If you have varicose veins and they do not cause you any discomfort, you may not need to visit a GP.
Varicose veins are rarely a serious condition and they do not usually require treatment.
But speak to a GP if:
- your varicose veins are causing you pain or discomfort
- the skin over your veins is sore and irritated
- the aching in your legs is causing irritation at night and disturbing your sleep
Speak immediately to a GP or call 111 if your varicose veins start bleeding. You may need urgent treatment.
Seeing a GP
Varicose veins are diagnosed by their appearance. The GP will examine your legs while you're standing to check for signs of swelling.
You may also be asked to describe any pain you have and whether there are situations that make your varicose veins worse.
For example, some women find their menstrual cycle (period) affects their varicose veins.
The GP will also want to know if you're at an increased risk of developing varicose veins, such as:
The GP may refer you to a vascular specialist (a doctor who specialises in veins) if you have any of the following:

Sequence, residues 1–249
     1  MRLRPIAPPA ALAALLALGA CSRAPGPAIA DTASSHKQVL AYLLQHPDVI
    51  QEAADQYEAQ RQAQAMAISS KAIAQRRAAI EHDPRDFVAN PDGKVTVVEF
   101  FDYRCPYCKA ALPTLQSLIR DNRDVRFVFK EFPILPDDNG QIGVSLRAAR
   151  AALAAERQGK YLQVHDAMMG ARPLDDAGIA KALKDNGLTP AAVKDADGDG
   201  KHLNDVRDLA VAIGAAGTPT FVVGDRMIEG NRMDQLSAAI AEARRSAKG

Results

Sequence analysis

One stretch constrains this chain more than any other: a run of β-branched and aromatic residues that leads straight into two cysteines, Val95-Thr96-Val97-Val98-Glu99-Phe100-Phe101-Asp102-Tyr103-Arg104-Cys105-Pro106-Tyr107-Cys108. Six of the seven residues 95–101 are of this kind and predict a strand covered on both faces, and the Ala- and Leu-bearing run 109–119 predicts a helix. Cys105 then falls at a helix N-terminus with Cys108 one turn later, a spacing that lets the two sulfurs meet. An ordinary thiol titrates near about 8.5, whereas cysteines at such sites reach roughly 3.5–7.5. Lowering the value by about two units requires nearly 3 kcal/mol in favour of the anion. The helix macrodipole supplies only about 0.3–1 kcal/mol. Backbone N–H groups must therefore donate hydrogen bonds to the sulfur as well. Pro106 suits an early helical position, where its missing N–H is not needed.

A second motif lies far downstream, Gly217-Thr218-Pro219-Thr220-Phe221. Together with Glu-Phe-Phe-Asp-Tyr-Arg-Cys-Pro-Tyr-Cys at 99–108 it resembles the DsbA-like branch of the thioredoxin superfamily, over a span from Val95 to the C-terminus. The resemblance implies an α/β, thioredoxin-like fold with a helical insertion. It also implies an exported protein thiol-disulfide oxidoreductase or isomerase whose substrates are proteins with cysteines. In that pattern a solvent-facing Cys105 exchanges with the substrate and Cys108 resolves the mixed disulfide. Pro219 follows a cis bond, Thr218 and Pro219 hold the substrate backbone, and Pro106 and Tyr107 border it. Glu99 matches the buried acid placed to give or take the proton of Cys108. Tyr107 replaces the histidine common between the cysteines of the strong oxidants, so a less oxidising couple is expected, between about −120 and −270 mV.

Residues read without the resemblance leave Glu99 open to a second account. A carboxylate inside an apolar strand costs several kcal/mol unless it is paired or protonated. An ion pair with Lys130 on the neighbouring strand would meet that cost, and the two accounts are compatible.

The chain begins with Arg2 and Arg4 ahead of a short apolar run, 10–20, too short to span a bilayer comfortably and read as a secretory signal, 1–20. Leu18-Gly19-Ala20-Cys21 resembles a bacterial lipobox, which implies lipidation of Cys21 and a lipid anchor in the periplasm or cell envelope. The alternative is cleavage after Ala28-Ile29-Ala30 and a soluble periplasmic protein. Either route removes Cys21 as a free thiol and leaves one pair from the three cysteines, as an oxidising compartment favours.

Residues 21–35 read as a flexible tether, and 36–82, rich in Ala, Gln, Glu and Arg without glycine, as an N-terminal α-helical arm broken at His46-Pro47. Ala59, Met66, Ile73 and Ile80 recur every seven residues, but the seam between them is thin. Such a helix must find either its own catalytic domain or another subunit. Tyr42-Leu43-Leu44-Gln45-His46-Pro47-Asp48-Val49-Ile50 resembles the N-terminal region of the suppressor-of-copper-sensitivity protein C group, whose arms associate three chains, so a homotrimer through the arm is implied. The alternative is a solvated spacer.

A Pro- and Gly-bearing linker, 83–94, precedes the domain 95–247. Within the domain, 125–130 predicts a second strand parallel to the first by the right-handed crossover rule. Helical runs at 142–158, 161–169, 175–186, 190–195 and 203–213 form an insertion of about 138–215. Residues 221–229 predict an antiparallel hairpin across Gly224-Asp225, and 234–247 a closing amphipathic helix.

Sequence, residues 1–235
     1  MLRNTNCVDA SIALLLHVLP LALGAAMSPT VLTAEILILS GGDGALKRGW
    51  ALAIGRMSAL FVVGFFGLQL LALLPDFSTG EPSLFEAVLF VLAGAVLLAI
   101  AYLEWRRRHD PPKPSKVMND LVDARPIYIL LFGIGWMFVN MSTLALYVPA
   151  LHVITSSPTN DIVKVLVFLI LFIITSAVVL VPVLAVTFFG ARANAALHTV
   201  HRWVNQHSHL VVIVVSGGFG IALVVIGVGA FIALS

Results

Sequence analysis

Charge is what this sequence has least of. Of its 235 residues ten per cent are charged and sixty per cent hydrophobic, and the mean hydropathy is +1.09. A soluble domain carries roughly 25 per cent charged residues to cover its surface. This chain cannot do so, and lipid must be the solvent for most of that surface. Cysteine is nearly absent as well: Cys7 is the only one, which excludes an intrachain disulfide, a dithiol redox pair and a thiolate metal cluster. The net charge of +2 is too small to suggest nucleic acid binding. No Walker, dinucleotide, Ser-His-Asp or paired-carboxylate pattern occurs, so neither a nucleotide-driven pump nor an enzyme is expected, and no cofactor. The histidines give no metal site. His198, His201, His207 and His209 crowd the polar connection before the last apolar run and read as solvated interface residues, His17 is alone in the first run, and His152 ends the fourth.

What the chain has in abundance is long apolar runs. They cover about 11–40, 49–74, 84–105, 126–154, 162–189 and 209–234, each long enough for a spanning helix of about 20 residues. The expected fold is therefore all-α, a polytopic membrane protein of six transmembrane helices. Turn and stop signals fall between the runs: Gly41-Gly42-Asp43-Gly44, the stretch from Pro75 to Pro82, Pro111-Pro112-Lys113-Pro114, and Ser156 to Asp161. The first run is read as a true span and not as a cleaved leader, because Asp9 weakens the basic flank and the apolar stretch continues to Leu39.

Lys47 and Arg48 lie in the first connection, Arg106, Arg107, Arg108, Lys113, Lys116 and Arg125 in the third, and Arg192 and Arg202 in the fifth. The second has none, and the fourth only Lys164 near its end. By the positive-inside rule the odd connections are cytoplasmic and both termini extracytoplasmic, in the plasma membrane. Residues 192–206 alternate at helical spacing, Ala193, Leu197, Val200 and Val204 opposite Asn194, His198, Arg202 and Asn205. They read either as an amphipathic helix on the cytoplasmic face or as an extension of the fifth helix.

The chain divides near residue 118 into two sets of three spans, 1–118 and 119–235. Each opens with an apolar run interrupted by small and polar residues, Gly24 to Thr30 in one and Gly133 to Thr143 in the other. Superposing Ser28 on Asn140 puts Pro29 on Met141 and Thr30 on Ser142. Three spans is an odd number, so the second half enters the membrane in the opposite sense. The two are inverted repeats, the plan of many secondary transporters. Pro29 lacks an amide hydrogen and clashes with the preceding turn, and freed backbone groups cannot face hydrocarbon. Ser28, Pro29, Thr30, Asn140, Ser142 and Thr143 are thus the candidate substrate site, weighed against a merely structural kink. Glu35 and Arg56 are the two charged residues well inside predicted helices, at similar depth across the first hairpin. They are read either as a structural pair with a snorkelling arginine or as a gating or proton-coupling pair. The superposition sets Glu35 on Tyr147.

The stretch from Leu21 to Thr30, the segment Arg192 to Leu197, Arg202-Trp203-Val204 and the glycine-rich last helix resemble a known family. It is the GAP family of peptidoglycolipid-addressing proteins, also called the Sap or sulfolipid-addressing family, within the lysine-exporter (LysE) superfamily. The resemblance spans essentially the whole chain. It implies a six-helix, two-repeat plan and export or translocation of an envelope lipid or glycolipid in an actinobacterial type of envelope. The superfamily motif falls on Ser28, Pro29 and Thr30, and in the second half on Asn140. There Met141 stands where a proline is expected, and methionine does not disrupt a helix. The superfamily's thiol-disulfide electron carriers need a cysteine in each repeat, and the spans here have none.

- varicose veins that are causing pain, aching, discomfort, swelling, heaviness or itching
- changes in the colour of the skin on your leg that may be caused by problems with the blood flow in the leg
- skin conditions affecting your leg, such as eczema, that may be caused by problems with the blood flow in the leg
- hard and painful varicose veins that may be caused by problems with the blood flow in the leg
- a healed or unhealed leg ulcer (a break in the skin that has not healed within 2 weeks) below the knee
In most cases, a test called a duplex ultrasound scan will be carried out. This is a type of scan that uses high-frequency sound waves to produce a picture of the veins in your legs.
The picture shows the blood flow and helps the vascular specialist locate any damaged valves that might be causing your varicose veins.
Page last reviewed: 07 May 2020
Next review due: 07 May 2023